Trends in Security: Mitigating the risks of the data explosion

January, 2012

Trends in Security: Mitigating the risks of the data explosion

While many organizations are still coming to grips with the brute impact of the data explosion, others are already starting to experience some of its deeper consequences. Massive volumes of data and the increasing integration of data-related systems are producing new risks of human error that require a shift in how companies approach their data administration.

Every step leaves a data trail
The story of King Midas, who turned everything he touched into gold, is in some ways a good analogy for the phenomenon of “datafication.” Nearly everything we touch during our professional and personal lives now turns into some kind of data: when we do our banking, when we book a flight, when we text our friends, when we log onto a webinar, when we download files from the company server.

Businesses create trillions of bytes of data each day. People share more than 30 billion pieces of content a month on Facebook. Passive devices like sensors in cars, computers, smartphones and energy meters log trillions of bytes more. To get a handle on all the information flying around, companies are integrating and consolidating their systems. Integration typically involves having dozens of machines work together in sophisticated ways to serve single applications. Consolidation refers to the trend in which multiple users house their IT assets together for cost efficiencies.

While integration and consolidation are essential, they are also creating an “all eggs in one basket” scenario that organizations need to be aware of—and address. Maybe surprisingly, because we’re talking about data and automated systems, one of the key areas of risk to mitigate is actually human behavior.

The price of a small mistake
Mistakes are costly for any business. And with the advent of datafication, where single systems are carrying more and more responsibility for the business, they’re becoming even costlier. If you’re an online retailer, your entire business depends on your e-commerce platform. If it goes down or is compromised in any way, you face revenue losses, productivity losses, reputational damage and more. In the datafied world, ‘mission critical’ is more critical than ever—meaning even the smallest mistake by an internal or external database administration team can spell catastrophe.

Other fields have extensive experience dealing with this. Healthcare, civil aviation, nuclear safety—all of these have extensively studied the risk associated with human error and how to minimize it. The THERP (techniques for human error prediction) model used in those disciplines needs to be applied in the data sphere as well.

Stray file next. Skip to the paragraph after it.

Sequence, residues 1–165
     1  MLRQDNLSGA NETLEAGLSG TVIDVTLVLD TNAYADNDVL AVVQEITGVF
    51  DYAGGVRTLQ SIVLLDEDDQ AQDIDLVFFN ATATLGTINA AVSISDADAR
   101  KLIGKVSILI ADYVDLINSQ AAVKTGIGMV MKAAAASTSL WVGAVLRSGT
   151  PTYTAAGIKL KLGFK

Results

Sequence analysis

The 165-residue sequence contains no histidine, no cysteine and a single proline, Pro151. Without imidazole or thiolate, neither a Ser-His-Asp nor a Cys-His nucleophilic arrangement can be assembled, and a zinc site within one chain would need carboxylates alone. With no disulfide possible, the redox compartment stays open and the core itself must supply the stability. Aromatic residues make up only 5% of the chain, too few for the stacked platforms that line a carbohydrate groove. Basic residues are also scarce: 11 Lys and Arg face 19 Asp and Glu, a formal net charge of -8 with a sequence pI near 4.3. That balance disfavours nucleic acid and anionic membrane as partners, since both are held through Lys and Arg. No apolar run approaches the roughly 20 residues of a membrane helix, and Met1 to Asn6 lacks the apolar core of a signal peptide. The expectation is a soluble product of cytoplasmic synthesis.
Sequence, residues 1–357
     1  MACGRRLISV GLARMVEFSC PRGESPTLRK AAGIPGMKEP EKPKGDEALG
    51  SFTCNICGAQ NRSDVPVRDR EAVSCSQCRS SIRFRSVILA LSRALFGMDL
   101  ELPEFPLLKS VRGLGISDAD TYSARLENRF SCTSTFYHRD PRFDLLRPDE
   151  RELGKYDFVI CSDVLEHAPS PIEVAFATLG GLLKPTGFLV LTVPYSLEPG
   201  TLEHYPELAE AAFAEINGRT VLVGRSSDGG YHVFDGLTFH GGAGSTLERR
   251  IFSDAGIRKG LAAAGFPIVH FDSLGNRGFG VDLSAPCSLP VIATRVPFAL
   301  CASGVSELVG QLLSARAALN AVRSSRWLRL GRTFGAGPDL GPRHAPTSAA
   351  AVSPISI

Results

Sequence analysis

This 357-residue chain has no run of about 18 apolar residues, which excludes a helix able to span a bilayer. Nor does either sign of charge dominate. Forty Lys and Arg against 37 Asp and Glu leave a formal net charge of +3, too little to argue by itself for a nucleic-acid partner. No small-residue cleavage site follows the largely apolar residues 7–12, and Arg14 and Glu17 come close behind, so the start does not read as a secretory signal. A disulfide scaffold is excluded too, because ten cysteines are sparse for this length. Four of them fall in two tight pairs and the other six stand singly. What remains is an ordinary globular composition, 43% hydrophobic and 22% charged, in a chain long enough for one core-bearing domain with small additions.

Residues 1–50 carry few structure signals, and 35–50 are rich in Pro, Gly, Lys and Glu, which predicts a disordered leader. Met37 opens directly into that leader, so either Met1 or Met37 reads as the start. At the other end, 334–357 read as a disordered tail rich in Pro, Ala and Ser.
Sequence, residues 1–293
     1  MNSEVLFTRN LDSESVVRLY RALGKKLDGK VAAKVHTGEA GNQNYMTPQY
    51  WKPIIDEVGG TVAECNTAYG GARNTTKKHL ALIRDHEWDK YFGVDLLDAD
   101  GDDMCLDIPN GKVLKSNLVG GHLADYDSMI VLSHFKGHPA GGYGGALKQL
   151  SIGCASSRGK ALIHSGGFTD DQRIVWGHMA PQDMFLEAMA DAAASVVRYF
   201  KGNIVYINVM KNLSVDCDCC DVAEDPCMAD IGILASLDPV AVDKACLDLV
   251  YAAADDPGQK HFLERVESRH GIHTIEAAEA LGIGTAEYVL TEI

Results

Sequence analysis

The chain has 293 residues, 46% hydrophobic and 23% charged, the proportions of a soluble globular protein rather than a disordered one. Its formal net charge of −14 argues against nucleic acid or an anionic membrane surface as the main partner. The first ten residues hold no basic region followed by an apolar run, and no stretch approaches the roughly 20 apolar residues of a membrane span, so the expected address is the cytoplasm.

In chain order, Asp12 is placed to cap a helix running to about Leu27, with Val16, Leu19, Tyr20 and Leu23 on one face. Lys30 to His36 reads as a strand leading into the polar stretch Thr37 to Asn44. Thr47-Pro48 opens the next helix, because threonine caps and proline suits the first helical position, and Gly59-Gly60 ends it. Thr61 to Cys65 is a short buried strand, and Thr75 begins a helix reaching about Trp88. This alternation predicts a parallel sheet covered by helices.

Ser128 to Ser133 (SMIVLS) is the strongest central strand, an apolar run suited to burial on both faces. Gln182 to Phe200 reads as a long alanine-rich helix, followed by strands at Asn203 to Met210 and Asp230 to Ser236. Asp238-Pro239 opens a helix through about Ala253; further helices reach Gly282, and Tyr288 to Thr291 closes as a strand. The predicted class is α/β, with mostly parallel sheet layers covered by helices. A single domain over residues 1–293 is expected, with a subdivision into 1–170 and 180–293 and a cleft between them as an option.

THERP looks at all the potential kinds of errors a person might commit on the job. For errors of omission and sequence, a good checklist and proper training are usually a solid defense. Errors of commission—performing work on the wrong server, forgetting an important “where” clause in a delete statement, shutting down a server outside the appropriate maintenance window because of a time-zone conversion mistake—can be more challenging to prevent.

Can human error be eliminated?
Automating processes, of course, can help prevent human error. Where processes can’t be automated, ensuring they are as fine-tuned and streamlined as possible minimizes the number of opportunities for mistakes to be made.

In working on complex data installations for organizations such as Western Union, Toyota and LinkShare, Pythian has gained valuable experience in the area of human reliability. Pythian studies every incident in much the same way the Transportation Safety Board investigates a plane crash, getting down to the root cause and implementing processes to prevent the same error from being repeated. Application of the THERP approach has enabled Pythian to reduce its human error rate to one every 5.5 person years.

While human error can never be eliminated, it is highly reducible. As organizations seek to manage the sheer volume of data being generated today, in 2013 they should look beyond the purely technical side of things to ensure they are protecting themselves from the risks that data dependency and systems integration can bring.

Link to article